Battle of Carthage (238)

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Battle of Carthage
Date 238 AD
Location Near Carthage
Result Maximinus victory
Belligerents
Numidian forces loyal to Roman Emperor Maximinus Thrax Forces of Gordian I and Gordian II
Commanders and leaders
Cappelianus Gordian II †
Strength
one legion
other veteran units
larger army of untrained militia

The Battle of Carthage was fought in 238 AD between a Roman army loyal to Emperor Maximinus Thrax and the forces of Emperors Gordian I and Gordian II.

Gordian I and II were father and son, and both Emperors, supported by the Roman Senate and based in Africa Province. The battle was part of a rebellion against Emperor Maximinus Thrax started by landowners who felt they had been overly and unfairly taxed. These landowners assassinated the procurator in Thysdrus and called on Gordian I to be their emperor. Gordian I marched from Thysdrus to Carthage, where news of the rebellion was welcomed.[1] Capelianus, governor of Numidia and enemy of the Gordians, led the only legion in Africa, Legio III Augusta, in battle against the two emperors.[2]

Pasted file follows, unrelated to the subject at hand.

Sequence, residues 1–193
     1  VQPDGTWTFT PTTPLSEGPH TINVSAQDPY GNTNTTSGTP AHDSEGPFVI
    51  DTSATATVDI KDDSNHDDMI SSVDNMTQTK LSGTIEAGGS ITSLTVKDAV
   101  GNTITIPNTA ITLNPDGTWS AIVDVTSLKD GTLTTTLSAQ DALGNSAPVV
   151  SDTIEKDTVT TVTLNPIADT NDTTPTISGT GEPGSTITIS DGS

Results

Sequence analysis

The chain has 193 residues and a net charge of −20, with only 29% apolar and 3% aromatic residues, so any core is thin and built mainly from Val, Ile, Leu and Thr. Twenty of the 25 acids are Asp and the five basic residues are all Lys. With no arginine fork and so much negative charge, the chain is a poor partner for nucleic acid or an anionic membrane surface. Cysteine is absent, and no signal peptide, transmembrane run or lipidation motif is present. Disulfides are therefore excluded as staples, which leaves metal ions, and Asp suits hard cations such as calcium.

The two armies met near Carthage. Gordian II personally led his army, consisting of militiamen without military training: he was defeated and killed, and, upon learning of his son's death, Gordian I committed suicide.[1]

References[edit]

  1. ^ a b Meckler, Michael A. (26 June 2001). "Gordian I (238 A.D.)". Die Imperatoribus Romanis. Salve Regina University. Retrieved 1 August 2012. 
  2. ^ Brent, Allen (2010). Cyprian and Roman Carthage. New York: Cambridge University Press. p. 118.